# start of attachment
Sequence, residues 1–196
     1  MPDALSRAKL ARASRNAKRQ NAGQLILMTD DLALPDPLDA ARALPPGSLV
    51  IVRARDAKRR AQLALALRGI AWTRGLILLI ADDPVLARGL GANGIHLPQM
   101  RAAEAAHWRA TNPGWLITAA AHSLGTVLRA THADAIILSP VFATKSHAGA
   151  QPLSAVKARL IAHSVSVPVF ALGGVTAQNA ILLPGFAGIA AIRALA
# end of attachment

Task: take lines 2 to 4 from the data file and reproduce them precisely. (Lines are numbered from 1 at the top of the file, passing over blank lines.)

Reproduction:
     1  MPDALSRAKL ARASRNAKRQ NAGQLILMTD DLALPDPLDA ARALPPGSLV
    51  IVRARDAKRR AQLALALRGI AWTRGLILLI ADDPVLARGL GANGIHLPQM
   101  RAAEAAHWRA TNPGWLITAA AHSLGTVLRA THADAIILSP VFATKSHAGA